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Alien Nation/Enemy Mine (Double Feature)

4.4 out of 5 stars 57 customer reviews

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$10.98 & FREE Shipping on orders over $49. Details Temporarily out of stock. Order now and we'll deliver when available. We'll e-mail you with an estimated delivery date as soon as we have more information. Your account will only be charged when we ship the item. Ships from and sold by Amazon.com. Gift-wrap available.

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Editorial Reviews

Product Description

Alien Nation Thought-provoking, witty and entertaining, this action-packed blend of science fiction and police drama finds Los Angeles the new home of 300,000 humanoid extraterrestrials. When a gang of these Newcomers kills a police detective's (James Caan) partner, he sets out to solve the crime with his new partner (Many Patinkin) the L.A.P.D.'s first Newcomer detective. But the unlikely pair soon uncover a far more dangerous threat to society. Enemy Mine In this visually stunning sci-fi adventure, two warriors engaged in a savage, futuristic war between Earth and the planet Dracon, crash-land on a desolate, fiery planet. At first, the human (Dennis Quaid) and his reptilian, alien opponent (Louis Gossett, Jr.) are intent on destroying each other. But after battling the elements and each other, the two stranded pilots gradually realize that the only way either of them will survive is to overcome their undying hatred.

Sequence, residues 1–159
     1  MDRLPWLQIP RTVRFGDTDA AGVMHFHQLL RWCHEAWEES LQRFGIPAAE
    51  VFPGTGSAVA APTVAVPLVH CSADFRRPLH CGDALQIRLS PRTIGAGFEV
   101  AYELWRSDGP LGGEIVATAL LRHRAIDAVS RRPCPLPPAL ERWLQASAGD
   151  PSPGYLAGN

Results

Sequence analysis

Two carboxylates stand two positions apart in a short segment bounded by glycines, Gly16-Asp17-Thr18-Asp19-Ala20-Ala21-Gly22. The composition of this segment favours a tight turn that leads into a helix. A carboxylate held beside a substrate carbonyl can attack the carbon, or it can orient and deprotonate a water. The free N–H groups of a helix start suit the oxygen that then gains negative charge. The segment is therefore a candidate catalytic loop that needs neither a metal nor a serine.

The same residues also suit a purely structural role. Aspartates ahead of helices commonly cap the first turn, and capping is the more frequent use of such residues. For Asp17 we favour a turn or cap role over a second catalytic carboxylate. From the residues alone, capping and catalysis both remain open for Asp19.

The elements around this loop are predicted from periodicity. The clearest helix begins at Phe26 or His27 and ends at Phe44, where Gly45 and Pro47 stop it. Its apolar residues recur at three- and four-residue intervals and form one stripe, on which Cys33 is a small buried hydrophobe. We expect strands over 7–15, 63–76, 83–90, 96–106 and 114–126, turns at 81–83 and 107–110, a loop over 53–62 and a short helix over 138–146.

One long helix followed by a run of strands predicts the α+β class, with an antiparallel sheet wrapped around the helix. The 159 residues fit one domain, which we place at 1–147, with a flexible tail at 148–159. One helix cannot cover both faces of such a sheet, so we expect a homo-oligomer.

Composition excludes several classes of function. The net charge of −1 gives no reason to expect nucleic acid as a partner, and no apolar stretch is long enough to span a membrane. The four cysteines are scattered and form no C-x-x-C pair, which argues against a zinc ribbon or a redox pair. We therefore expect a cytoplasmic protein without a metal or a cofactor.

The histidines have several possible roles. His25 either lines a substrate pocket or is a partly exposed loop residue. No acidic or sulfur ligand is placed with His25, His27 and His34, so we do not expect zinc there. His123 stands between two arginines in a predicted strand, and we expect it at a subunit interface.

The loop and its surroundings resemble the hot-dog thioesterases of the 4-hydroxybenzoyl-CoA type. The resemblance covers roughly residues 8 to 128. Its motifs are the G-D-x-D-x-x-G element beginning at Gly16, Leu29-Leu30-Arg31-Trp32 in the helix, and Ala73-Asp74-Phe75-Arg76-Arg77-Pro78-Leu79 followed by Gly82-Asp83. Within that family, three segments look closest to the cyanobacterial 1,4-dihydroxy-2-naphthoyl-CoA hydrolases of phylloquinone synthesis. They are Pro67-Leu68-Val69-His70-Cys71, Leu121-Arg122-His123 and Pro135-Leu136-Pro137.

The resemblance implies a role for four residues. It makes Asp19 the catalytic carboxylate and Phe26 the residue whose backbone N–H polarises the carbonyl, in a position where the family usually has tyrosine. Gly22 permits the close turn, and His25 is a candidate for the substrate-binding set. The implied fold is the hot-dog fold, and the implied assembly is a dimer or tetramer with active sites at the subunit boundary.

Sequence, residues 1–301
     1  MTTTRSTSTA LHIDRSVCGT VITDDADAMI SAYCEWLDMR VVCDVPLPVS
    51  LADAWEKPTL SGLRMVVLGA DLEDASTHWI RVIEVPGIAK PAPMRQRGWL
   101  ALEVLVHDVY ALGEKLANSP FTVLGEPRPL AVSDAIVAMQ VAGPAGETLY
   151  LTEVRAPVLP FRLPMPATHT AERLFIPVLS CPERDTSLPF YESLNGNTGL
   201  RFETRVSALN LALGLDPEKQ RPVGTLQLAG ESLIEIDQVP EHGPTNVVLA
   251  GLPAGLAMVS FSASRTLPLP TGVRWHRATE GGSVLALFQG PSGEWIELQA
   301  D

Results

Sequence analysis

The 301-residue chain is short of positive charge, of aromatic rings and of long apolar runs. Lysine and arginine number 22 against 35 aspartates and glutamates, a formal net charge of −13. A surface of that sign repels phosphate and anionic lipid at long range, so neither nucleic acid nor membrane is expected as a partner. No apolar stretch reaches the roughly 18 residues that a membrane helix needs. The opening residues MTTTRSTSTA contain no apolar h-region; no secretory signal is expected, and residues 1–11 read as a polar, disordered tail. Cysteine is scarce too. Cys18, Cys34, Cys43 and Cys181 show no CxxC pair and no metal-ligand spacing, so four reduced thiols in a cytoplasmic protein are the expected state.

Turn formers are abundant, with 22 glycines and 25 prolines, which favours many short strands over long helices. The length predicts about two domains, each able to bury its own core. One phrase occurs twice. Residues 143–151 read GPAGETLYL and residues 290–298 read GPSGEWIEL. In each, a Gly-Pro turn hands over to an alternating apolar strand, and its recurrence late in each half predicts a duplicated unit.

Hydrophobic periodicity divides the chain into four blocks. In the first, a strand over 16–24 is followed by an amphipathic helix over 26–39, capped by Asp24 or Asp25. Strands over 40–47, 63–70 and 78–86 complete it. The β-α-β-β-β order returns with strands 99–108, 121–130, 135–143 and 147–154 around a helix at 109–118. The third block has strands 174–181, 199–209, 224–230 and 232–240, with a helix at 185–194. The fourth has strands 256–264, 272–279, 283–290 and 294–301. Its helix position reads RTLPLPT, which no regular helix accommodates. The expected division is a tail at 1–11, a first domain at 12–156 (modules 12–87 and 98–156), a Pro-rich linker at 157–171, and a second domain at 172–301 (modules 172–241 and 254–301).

Amazon.com

Alien Nation: They get drunk on sour milk. They have two hearts and bald, spotted heads. They're highly intelligent, but if you drop them in seawater they'll melt into a puddle of goop. They're "Newcomers," and they arrived as refugees in a massive alien slave-ship, quarantined for three years and then reluctantly accepted as citizens of Earth. To some humans--including seasoned Los Angeles cop Matt Sykes (James Caan)--the Newcomers are unwelcome "slags." Sykes's own virulent "speciesism" intensifies when Newcomer thugs kill his partner, but he sees logic in teaming up with Sam Francisco (Mandy Patinkin), the first Newcomer detective in the LAPD. Francisco's Newcomer knowledge is vital to their investigation of an alien drug ring, and a friendship grows from life-or-death circumstances.